email marketing management - 7 deadly sins

7 Deadly Sins of Email Marketing List Management & Database Management

Erica Hakonson B2B Marketing, Email Marketing, Online Marketing 1 Comment

For those unfamiliar, let me be your window into the world of email marketing, where email marketers discuss the value of unengaged contacts, measure the erosion of list decay and conjure the new means of acquiring implicit consent. We, the collective ‘we’, condemn unwanted email marketing practices; yet, the problem endures. As email marketers, there is a time in each of our careers that we are guilty of creating list upon list of segmented leads, opportunities, customers, and accounts. This sinful list continues…

In today’s market, there is little pride taken in list hygiene and keeping a clean, healthy database. So the problem endures. However, this routine hygiene can bring better email performance results, so what’s good for the contacts is also good for the email marketing ROI. Win = Win. It all starts with knowing what needs to change.

This blog outlines the 7 Deadly Sins of Email Marketing List Management & Database Management that every email marketer should avoid. I hesitate to only name 7 sins as there are way many more than 7 sins to avoid for effective database management. Alas, these critical 7 will get you on the right track and inform you of what you need to avoid in setting the bar for a successful email marketing strategy. These will probably seem like the smallest things but remember: the small things can sometimes yield the biggest results.

If you manage to avoid these 7 email database and list management sins, consider yourself having won the accolade of a righteous email marketer, but do us all a favor and keep it to your righteous self.

1. Greedy Contact Collection

One of the most common beliefs is having too many contacts in your database won’t hurt. When given the choice, many email marketers would rather have a big database of contacts than struggle to grow an authentic database of contacts. At the end of the day, collecting net new database contacts suggests growth, right? This is far from right.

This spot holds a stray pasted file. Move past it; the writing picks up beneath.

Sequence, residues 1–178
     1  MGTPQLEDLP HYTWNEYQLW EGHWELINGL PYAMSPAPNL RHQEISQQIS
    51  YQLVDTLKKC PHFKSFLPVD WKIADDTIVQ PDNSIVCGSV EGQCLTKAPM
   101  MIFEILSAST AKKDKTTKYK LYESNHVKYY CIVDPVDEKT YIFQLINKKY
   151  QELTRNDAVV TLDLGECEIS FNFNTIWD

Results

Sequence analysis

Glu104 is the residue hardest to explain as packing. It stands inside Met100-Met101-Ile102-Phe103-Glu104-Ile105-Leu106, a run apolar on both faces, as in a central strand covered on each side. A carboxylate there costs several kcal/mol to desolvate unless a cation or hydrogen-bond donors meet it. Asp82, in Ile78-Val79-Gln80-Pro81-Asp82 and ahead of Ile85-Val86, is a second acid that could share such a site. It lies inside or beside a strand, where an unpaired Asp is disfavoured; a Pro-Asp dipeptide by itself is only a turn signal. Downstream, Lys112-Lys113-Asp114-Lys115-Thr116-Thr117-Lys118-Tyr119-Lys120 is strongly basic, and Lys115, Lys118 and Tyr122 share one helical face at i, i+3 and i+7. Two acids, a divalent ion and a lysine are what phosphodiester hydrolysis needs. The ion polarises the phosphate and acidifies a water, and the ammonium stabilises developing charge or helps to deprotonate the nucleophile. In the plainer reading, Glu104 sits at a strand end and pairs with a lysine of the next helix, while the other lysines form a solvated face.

Never get fooled into the belief that you can have all the contacts you want and manage them how you want. According to Marketing Sherpa’s research, B2B contact databases decay at a rate of 2.1% per month, or 22.5% every year. Contacts change email addresses, opt-out of communications and for a myriad of other reasons, don’t stay relevant for too long.

No matter how you grow your CRM contacts, you’ll never outgrow that, and you end up wasting time and effort communicating with an obsolete database list or a disengaged audience at best. Rather, your focus should be on crafting a well-thought-out CRM contact qualification process that’s in keeping with your buyer personas and target market, part of an overarching inbound lead generation strategy.

If you don’t spend the time on optimizing your qualification process and continually cleaning and maintaining a healthy database of contacts, your marketing strategy will be based on a depreciating asset.

2. Gluttonous Email List Creation

This one is a natural progression from greedy contact collection. When you end up with too many contacts and too much information on your plate, it’s hard not to default to creating list over list in an attempt to capture associations.